This research seeks to bridge this gap in knowledge and determine if the finished product of aquaponic grown organic medical cannabis produces purer, higher quality products when extracted using Super-critical CO2.
New Zealand is an emerging country in medical cannabis legalization and the industry is yet to commence. Given the reputation for a clean environment that New Zealand enjoys and the internationally recognized progressive stance of the government, together with the timing of the industry commencing, New Zealand is a good solution for the geographical location of the study.
This New Zealand/Australia led study will collaborate with over 40 international experts in the field of medical cannabis cultivation to facilitate research and development of international best practices in the field of medical cannabis. Specifically to define and implement best practices in the areas of safety and quality. This research will develop an understanding of how organic practices is understood and translated internationally with the view to developing best practices in organic cultivation. Thus the objectives of this research are:
- Review the safety and quality practices and procedures of cannabis production and medical based products from around the world to better understand how that may apply to New Zealand situation.
- Research, define and implement organic practices in the cultivation and production of medical cannabis as perceived and implemented by an international marketplace and utilizing aquaponics as a cultivation vehicle.
- Establish a framework for implementing best practices procedures in safety and quality.
- Test the quality and efficiency of Super-critical CO2 extraction when used with water based organic cultivation and compare to other cultivation and extraction methods.
- Publish findings and refine practical techniques in cultivation and extraction of cannabis oils.
References used in this Research Presentation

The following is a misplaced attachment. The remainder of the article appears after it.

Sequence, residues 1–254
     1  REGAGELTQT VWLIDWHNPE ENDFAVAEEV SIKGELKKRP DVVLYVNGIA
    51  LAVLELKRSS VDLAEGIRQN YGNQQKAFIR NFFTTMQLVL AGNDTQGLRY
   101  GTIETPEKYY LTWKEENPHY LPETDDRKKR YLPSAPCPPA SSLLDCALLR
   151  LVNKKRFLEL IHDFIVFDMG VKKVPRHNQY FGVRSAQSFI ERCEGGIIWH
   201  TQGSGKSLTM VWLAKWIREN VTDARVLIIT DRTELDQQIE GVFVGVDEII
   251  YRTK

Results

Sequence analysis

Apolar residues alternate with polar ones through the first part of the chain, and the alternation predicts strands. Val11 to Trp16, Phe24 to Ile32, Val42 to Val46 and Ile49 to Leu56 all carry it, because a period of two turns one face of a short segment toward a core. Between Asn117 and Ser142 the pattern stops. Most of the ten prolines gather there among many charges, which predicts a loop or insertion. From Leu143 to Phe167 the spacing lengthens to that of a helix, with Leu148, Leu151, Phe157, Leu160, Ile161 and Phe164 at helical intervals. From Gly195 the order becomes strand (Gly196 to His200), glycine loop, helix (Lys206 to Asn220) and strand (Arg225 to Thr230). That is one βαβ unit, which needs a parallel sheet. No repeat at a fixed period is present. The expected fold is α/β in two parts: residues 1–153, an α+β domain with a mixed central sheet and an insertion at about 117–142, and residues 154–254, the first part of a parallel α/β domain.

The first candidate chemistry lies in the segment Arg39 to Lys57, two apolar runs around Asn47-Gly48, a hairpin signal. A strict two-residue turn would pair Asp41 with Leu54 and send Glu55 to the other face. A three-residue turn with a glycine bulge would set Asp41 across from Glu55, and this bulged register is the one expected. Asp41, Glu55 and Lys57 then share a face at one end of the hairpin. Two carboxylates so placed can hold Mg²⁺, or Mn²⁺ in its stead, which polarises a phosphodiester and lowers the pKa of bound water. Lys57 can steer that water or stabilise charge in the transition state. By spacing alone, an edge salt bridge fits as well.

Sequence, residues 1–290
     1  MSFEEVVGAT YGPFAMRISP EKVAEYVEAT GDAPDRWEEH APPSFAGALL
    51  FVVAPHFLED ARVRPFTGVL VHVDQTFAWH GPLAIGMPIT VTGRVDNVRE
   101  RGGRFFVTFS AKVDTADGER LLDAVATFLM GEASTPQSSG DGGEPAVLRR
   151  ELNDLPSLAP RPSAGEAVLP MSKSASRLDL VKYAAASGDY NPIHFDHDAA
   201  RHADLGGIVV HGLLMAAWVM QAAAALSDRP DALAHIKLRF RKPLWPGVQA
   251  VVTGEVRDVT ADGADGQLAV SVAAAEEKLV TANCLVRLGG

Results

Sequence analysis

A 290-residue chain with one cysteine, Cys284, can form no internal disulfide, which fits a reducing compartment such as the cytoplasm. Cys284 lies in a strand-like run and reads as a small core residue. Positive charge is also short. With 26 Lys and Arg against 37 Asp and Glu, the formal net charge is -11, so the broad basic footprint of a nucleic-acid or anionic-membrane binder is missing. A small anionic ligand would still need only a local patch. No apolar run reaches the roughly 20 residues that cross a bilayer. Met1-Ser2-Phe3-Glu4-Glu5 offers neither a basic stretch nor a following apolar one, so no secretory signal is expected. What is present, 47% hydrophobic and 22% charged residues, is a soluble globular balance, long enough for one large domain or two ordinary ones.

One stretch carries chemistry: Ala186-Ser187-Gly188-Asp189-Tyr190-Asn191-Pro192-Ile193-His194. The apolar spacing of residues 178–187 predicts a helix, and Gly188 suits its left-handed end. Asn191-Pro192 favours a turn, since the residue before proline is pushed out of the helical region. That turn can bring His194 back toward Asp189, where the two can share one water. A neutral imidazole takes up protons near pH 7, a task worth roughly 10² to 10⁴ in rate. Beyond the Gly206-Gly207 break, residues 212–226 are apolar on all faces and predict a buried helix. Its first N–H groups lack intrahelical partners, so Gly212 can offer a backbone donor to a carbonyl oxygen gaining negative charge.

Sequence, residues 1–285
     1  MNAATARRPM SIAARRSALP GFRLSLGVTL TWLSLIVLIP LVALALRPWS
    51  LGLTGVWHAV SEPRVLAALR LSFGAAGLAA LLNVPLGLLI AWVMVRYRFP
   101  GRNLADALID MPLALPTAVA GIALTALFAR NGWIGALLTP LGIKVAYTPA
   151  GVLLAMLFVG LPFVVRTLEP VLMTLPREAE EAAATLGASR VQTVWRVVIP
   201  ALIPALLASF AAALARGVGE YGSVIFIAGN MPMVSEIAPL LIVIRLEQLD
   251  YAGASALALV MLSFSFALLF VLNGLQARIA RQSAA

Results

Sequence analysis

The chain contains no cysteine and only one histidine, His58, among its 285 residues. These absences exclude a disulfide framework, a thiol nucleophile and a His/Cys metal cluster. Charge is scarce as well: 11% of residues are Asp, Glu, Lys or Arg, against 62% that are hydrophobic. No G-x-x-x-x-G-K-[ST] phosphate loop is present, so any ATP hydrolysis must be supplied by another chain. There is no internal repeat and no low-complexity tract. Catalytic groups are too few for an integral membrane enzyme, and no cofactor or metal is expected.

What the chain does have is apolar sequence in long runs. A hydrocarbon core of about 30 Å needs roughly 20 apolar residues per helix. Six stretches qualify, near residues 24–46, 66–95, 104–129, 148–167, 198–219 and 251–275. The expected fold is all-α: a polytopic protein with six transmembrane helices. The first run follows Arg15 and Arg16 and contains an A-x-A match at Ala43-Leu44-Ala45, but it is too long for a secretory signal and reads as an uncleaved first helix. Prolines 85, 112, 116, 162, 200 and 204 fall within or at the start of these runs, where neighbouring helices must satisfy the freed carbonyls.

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2. Goddek, S., Delaide, B., Mankasingh, U., Ragnarsdottir, K., Jijakli, H., & Thorarinsdottir, R. (2015). Challenges of sustainable and commercial aquaponics. Sustainability, 7(4), 4199-4224.
3. Zuardi, A. W. (2006). History of cannabis as a medicine: a review. Revista Brasileira de Psiquiatría, 28(2), 153-157.
4. Rakocy, J. E., Masser, M. P., & Losordo, T. M. (2006). Recirculating aquaculture tank production systems: aquaponics—integrating fish and plant culture. SRAC publication, 454, 1-16.
5. Goddek, S., Delaide, B., Mankasingh, U., Ragnarsdottir, K., Jijakli, H., & Thorarinsdottir, R. (2015). Challenges of sustainable and commercial aquaponics. Sustainability, 7(4), 4199-4224.
6. Aladić, K., Jarni, K., Barbir, T., Vidović, S., Vladić, J., Bilić, M., & Jokić, S. (2015). Supercritical CO2 extraction of hemp (Cannabis sativa L.) seed oil. Industrial crops and products, 76, 472-478.
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10. Turner, C. E., Elsohly, M. A., & Boeren, E. G. (1980). Constituents of Cannabis sativa L. XVII. A review of the natural constituents. Journal of Natural Products, 43(2), 169-234.
11. Reiman, A., Welty, M., & Solomon, P. (2017). Cannabis as a substitute for opioid-based pain medication: patient self-report. Cannabis and cannabinoid research, 2(1), 160-166.
12. Blake, D. R., Robson, P., Ho, M., Jubb, R. W., & McCabe, C. S. (2006). Preliminary assessment of the efficacy, tolerability and safety of a cannabis-based medicine (Sativex) in the treatment of pain caused by rheumatoid arthritis. Rheumatology, 45(1), 50-52.
13. Russo, E. B. (2007). History of cannabis and its preparations in saga, science, and sobriquet. Chemistry & biodiversity, 4(8), 1614-1648.
14. Fankhauser, M. (2002). History of cannabis in Western medicine (pp. 37-51). New York: The Haworth Integrative Healing Press.